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Analyse and evaluate the ways that Shakespeare makes Act 1 Scene 5 of Romeo and Juliet dramatically effective

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Introduction

Analyse and evaluate the ways that Shakespeare makes Act 1 Scene 5 of Romeo and Juliet dramatically effective Romeo and Juliet is one of Shakespeare's best known plays today, it is based on the story of two starcrossed lovers, who are fated to meet early deaths. The plays main themes include: love/hate, romance and tragedy. These themes would interest the audience in the Elizabethan era, because these are universal themes that interest everyone. Shakespeare was determined to write a play not only based on love and romance, but to make it as realistic and convincing as he could. Romeo is one of the main characters, he is presented as a young man who is desperate to be in love. At the beginning, he is depressed because he has been turned down by the woman he loved, but when he sees Juliet, his mood changes completely and his first line is: "O she doth teach the torches to burn bright" - Romeo and Juliet, Scene 5, Line 43, as he notices Juliet. Prior to this scene Romeo insists he will never love anyone as much as Rosaline, and when he goes to the party he is depressed and tells Mercutio he won't be dancing or drinking because it will just upset him. When Romeo arrives at the party and notices Juliet, he falls in love with her immediately. ...read more.

Middle

Here Capulet is encouraging the women to dance; otherwise people will think they have corns on their feet. This quote uses humour, which is a contrast to Romeo's line at the end of Scene 4, "I fear, too early: for my mind misgives Some consequence, yet hanging in the stars, Shall bitterly begin his fearful date With this night's revels; and expire the term Of a despised life, clos'd in my breast, By some vile forfeit of untimely death: But He that hath the steerage of my course Direct my sail!--On, lusty gentlemen!" - Romeo and Juliet, Scene 4, Line 112. Romeo is telling Benvolio about his premonition that someone will get killed tonight. When Tybalt realises Romeo is at the party, he is extremely annoyed, he goes to tell his uncle, Capulet. Tybalt uses vicious threats and hatred to tell Capulet Romeo is there. Tybalt thinks Romeo is there to mock him, Tybalt states that he wants to kill Romeo and would not feel any guilt over it: "...Now by the stock and honour of my kin, To strike him dead I hold it not a sin." - Romeo and Juliet, Scene 5, Line 57. Capulet reacts to this by telling Tybalt to calm down and ignore Romeo because he has a good reputation and wouldn't be there to cause trouble: "Verona brags of him to be a virtuous and well governed youth." ...read more.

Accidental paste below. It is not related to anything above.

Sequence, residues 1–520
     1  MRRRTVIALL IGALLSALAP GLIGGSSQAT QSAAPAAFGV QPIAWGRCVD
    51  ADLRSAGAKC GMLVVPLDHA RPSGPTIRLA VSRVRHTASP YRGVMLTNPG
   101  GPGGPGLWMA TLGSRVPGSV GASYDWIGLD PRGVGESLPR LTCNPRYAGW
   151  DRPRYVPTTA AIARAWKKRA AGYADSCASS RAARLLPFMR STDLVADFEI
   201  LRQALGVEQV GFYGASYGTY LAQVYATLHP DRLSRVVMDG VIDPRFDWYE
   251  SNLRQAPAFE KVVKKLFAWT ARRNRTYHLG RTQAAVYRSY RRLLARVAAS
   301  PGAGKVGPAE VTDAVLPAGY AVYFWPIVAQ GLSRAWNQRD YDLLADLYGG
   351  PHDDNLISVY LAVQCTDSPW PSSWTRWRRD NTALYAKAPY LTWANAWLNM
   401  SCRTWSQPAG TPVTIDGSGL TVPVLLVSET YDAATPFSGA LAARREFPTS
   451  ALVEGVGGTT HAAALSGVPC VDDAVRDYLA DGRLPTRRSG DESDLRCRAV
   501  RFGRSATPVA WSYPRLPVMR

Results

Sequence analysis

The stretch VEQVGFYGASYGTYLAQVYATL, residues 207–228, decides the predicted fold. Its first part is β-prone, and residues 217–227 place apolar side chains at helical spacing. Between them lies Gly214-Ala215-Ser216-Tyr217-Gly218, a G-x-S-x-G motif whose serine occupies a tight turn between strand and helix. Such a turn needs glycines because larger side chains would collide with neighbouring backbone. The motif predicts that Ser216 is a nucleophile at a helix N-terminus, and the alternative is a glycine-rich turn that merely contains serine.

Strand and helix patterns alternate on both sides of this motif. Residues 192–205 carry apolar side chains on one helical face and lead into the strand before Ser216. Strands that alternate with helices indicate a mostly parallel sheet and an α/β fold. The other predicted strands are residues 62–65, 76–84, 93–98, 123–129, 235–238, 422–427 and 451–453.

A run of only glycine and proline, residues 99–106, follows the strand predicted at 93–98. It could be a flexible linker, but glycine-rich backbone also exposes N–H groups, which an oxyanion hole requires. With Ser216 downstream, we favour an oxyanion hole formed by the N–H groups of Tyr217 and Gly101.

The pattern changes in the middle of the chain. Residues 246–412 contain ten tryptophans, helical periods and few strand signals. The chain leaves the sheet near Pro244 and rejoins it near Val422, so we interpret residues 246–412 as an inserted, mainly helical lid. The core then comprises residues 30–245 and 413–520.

Conclusion

- Romeo and Juliet, Scene 5, Line 91. At the end of the scene when Romeo and Juliet discover they have fallen in love with the family's enemy, they both have doubt whether they should meet again but in the end decide to risk continuing to see each other. I agree that Shakespeare has made Act 1 Scene 5 dramatically effective because there are many tense moments in the scene, for example, when Romeo and Juliet first meet, there is tension and it keeps the audience interested. Act 1 Scene 5 is crucial in the play because it is when the two main characters meet; it is almost like the heart of the play, when the play begins. Therefore it is very important that this stage of the play is intriguing for the audience. The themes used in the play: love/hate, romance and tragedy. All the themes are still relevant to audiences today, and are still interesting genres. Another point which makes this play as memorable as it is was that in the Elizabethan era, the theatre was very popular, like the cinema today. Except there was no female actors, it was completely male orientated, so the fact that a man would've been playing Juliet would've made it harder for the play to be more realistic. In my opinion the scene was dramatically effective and was interesting to analyse. ?? ?? ?? ?? Ashleigh Paterson 10JRC ...read more.

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